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RMS Voltage and Square Route over 2

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wuchy143

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I'm sure this is a re-post but have been a little confused about it and would like to get some resolution.

So basicly what is the calculation for RMS? Why do we do it? I've just accepted it for what it is...divide the amplide of the sinusoid by sqrt(2) and that's it.

Is a 20V RMS AC signal the same as a 20V DC signal? I would think not but have heard conflicting information even from professors. Also, I guess a better question would be if a hook up a load resistor to a 20V DC source will it heat up the resistor(dissipate as much energy) just as much as a 20V AC source.

Last question is what's the point of RMS voltage?

Thanks for any replies!

-mike
 

MikeMl

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...

Is a 20V RMS AC signal the same as a 20V DC signal? ...
If you put a resistor in a calorimeter, and measured the rate of temperature rise after heating it for equal intervals with 20Vdc and then repeated the experiment with 20Vrms, you couldn't tell any difference in the result...
 

Sceadwian

Banned
Just as an example, the RMS value of standard AC electric outlets in the US is 120 volts, but the peak voltage is 170 volts. RMS is 'effective' voltage. 20VRMS AC is the same total energy as 20VRMS DC but obviously not the same instantanious voltage.

And yes in situations where power needs to be measured measuring the heating of a resistor is actually one way of calculating RMS current especially at RF frequencies where a meter isn't practical. One side effect of the squaring process is the result is always positive.
 
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Nigel Goodwin

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The point is quite simply so you can compare it to any other waveform, including DC.

RMS simply gives the same heating effect as DC, so your 20V RMS across a resistor will heat it exactly the same as 20V DC.
 

wuchy143

Member
ok so I guess I had a better understanding than I thought. Although the math which we get there is a little arbitrary to me. Do you guys know of an easy way to explain why when you take A/sqrt(2) of a sinusoid it gives you basically the equivalent voltage of DC(ignoring calculus). I've looked online but everyone just goes thru the algebra without explanation. I may need to do a little more digging.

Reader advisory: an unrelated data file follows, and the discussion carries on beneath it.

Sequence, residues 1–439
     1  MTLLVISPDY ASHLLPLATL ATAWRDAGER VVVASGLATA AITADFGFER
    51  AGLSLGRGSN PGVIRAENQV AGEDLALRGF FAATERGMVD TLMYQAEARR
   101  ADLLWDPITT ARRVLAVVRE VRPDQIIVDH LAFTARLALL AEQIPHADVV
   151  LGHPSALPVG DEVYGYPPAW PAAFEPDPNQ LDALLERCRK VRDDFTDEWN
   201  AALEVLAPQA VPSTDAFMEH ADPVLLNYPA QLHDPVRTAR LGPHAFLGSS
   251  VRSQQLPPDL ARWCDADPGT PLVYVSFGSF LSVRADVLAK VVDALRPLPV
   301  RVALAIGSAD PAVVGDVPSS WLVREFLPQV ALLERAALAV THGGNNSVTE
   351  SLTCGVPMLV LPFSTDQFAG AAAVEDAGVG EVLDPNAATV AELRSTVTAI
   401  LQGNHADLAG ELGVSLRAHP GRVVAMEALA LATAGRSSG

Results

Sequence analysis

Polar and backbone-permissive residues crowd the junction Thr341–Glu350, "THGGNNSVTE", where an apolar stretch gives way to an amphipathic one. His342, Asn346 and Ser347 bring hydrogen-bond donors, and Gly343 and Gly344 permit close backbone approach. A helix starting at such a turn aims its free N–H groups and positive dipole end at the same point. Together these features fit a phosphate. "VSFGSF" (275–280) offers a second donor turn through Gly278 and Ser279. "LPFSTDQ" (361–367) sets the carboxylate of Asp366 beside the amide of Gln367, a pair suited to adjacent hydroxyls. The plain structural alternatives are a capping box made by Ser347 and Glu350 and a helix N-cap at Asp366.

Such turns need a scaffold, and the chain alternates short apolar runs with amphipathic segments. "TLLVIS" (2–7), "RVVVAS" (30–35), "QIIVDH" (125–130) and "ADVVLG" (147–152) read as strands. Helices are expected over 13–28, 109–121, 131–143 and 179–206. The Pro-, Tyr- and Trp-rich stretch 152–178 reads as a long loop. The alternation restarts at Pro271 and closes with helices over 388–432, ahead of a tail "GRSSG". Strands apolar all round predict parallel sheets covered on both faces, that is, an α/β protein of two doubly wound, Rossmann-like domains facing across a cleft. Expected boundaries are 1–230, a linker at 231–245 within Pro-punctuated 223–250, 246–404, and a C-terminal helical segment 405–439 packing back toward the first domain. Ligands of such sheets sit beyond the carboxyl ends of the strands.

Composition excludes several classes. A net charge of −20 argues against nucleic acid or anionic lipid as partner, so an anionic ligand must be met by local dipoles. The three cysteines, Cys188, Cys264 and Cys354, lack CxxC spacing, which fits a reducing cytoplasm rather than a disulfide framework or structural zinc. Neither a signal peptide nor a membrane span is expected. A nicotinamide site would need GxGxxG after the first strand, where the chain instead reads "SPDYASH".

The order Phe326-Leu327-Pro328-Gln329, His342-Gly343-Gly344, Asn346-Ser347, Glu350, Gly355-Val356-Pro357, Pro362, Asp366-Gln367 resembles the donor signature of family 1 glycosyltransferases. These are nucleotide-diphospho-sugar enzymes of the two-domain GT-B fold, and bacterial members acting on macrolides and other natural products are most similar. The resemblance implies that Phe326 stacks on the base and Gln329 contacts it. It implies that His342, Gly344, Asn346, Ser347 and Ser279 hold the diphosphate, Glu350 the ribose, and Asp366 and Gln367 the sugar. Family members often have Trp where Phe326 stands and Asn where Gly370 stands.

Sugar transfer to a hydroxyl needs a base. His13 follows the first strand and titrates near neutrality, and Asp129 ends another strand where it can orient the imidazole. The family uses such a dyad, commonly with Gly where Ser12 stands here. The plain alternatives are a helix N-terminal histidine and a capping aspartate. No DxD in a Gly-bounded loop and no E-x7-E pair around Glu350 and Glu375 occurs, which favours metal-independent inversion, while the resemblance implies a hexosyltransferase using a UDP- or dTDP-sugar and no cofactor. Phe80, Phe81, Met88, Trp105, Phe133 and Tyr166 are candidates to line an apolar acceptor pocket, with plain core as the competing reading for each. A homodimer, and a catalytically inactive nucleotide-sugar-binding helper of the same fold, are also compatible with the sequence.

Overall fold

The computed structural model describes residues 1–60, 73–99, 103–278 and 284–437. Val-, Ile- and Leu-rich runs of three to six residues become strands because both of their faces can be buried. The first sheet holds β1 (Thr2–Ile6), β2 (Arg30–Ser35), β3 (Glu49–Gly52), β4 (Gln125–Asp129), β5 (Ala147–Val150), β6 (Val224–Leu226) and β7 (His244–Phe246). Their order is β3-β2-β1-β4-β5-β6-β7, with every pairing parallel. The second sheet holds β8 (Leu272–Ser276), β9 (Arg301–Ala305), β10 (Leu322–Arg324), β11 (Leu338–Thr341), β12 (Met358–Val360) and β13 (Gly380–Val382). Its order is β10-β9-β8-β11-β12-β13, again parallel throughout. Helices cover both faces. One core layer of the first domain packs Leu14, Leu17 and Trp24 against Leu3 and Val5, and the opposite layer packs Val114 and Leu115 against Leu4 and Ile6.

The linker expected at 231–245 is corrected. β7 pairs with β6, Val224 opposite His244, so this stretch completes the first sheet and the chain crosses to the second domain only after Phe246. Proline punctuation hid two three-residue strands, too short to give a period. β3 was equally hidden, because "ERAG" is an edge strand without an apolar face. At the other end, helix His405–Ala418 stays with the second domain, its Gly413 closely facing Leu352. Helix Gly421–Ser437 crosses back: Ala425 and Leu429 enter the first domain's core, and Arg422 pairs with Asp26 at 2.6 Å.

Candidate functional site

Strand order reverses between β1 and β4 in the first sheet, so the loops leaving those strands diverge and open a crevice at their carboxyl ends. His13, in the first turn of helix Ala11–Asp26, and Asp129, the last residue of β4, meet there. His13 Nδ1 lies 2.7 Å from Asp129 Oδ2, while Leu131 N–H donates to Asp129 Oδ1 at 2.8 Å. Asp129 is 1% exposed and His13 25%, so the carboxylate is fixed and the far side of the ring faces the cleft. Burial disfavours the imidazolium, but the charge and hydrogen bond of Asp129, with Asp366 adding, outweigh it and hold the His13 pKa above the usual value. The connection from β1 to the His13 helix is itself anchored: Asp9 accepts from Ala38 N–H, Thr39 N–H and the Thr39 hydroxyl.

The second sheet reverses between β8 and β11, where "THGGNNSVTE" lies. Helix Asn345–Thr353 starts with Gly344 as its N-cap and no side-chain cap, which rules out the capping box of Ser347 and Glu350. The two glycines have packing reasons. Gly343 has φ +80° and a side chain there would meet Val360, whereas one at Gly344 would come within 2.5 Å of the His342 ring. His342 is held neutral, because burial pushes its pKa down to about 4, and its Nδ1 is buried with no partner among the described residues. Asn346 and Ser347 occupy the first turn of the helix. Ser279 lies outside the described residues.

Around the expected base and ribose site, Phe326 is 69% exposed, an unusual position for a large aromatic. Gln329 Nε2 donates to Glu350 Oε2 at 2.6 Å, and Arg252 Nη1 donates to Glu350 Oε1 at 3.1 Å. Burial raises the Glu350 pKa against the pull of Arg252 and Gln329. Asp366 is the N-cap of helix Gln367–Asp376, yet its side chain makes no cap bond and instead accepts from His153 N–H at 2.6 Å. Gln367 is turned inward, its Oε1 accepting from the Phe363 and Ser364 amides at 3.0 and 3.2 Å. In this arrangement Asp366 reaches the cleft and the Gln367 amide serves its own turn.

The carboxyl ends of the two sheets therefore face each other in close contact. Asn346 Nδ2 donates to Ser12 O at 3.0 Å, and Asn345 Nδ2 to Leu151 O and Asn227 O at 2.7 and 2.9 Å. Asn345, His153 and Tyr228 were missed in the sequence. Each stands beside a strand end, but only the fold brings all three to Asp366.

-mike
 

MikeMl

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You need a math method which accounts for the fact that when heating a resistor, the resistor doesn't care which direction the current is flowing through the resistor... With an AC waveform, the "average" value is zero, which if you thought that the average current through the resistor would predict how it was heated would obviously not work.
 
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crutschow

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ok so I guess I had a better understanding than I thought. Although the math which we get there is a little arbitrary to me. Do you guys know of an easy way to explain why when you take A/sqrt(2) of a sinusoid it gives you basically the equivalent voltage of DC(ignoring calculus). I've looked online but everyone just goes thru the algebra without explanation. I may need to do a little more digging.
It's not at all arbitrary. It involves using calculus to integrate the instantaneous power over time for the sinewave for one cycle period which gives the average power for that period. If you do the math the answer turns out to be equivalent to multiplying the peak voltage value by sqrt(2). Of course the answer is different for other waveforms such a triangle or sawtooth.
 

Sceadwian

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Stupid question.
When I simulate a sine wave in ltspice with a peak voltage of 170 volts why do I get an RMS voltage of 117 volts. But the 170\Sqrt(2) method tells me it's 120 volts?